Pediatric Electrophysiology and Heart Rhythm Program

Dr. Seshadri Balaji with a family
Dr. Seshadri Balaji has advanced training in heart rhythm disorders. He is a nationally known pediatric cardiologist and a widely published researcher.

OHSU Doernbecher Children’s Hospital offers advanced tests and treatments for heart rhythm conditions (arrhythmias). You’ll find:

  • National experts with specialty training and experience in treating children with irregular heart rates.
  • Complete, team-based care for complex heart conditions, including arrhythmia.
  • High-resolution imaging and 3D mapping that helps us find and treat heart rhythm problems.
  • Minimally invasive catheter treatment to stop many arrhythmias.

Complete care

We treat children with irregular heart rates at every stage, from before birth to adulthood. Our team-based approach means we work closely with other OHSU specialists and your child’s pediatrician.

Your care team may include:

  • Heart rhythm specialists (electrophysiologists) available 24/7.
  • A dedicated nurse and an advanced practice provider (such as a physician assistant or nurse practitioner) to guide your child’s care.
  • Surgeons and anesthesiologists who specialize in treating children with heart conditions.
  • Heart rhythm specialists with expertise mapping children’s hearts.

Learn more about children’s arrhythmias.

What to expect

If your child has an abnormal heart rate, your child’s pediatrician or cardiologist may recommend a thorough evaluation in our electrophysiology (heart rhythm) clinic. We will schedule your child’s services on the same day when possible.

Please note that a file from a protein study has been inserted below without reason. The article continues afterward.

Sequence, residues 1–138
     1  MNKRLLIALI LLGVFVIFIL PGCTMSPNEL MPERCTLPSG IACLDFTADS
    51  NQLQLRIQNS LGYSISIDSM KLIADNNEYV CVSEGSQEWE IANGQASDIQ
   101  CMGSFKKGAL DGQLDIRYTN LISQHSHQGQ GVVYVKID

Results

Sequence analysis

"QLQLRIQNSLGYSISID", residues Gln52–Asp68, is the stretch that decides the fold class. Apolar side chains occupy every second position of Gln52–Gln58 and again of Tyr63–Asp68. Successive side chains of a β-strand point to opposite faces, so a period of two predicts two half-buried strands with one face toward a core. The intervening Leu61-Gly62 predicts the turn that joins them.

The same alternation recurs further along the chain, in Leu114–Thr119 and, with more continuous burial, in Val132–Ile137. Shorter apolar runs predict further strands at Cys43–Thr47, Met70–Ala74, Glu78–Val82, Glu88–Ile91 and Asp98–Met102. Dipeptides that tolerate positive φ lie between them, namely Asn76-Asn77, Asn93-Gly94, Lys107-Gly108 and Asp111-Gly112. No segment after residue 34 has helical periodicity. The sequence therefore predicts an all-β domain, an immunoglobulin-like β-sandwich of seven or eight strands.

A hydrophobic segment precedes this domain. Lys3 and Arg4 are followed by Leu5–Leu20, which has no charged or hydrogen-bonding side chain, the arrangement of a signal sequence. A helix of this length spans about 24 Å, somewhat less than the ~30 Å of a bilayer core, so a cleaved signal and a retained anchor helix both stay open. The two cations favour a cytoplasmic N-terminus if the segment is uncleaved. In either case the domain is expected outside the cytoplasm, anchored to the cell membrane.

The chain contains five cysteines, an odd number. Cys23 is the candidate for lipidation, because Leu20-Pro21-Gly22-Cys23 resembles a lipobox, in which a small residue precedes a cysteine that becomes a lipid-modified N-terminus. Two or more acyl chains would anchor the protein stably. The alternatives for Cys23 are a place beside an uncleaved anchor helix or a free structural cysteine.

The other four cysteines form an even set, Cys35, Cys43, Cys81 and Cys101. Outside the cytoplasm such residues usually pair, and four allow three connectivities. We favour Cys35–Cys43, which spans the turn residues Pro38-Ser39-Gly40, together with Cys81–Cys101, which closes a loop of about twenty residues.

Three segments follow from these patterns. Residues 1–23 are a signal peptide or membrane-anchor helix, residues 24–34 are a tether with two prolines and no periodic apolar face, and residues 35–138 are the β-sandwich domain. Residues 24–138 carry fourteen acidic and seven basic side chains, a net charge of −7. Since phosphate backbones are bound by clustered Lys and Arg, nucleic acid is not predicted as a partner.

We’ll start by doing tests to find the exact cause and location of your child’s irregular heartbeat. Tests may include:

  • Electrocardiogram (ECG or EKG)
  • Echocardiogram
  • Cardiac MRI (magnetic resonance imaging)
  • Electrophysiology testing
  • The only 3D electroanatomic mapping available in Oregon
  • Exercise testing
  • Portable monitor


Not all arrhythmias need treatment, and many that do are curable. After treatment, children often return to normal activities without needing further care.

Your child’s treatment will depend on:

  • The kind of arrhythmia
  • The type and severity of symptoms
  • How often your child has episodes of arrhythmia
  • How long episodes last

Options include:


A variety of medications can regulate heart rhythm in children. Your child’s care team will talk with you about specific medications, including potential benefits and side effects.

What it does: Medication won’t cure your child’s condition but can manage symptoms. It can return a fast, slow or irregular heart rate to a normal rhythm and keep it steady.


Ablation is the most common procedure for heart rhythm problems in children. It is minimally invasive, and it permanently stops irregular beats by disabling the electrical signals that cause them.

How it’s done: The child is asleep during this procedure. An electrophysiologist (a heart doctor who treats heart rhythm conditions) inserts a long, thin tube (catheter) into a vein and guides it to the heart. Radiofrequency energy sent through the tube sears and seals (ablates) the tiny spots in the heart tissue that send abnormal electrical signals.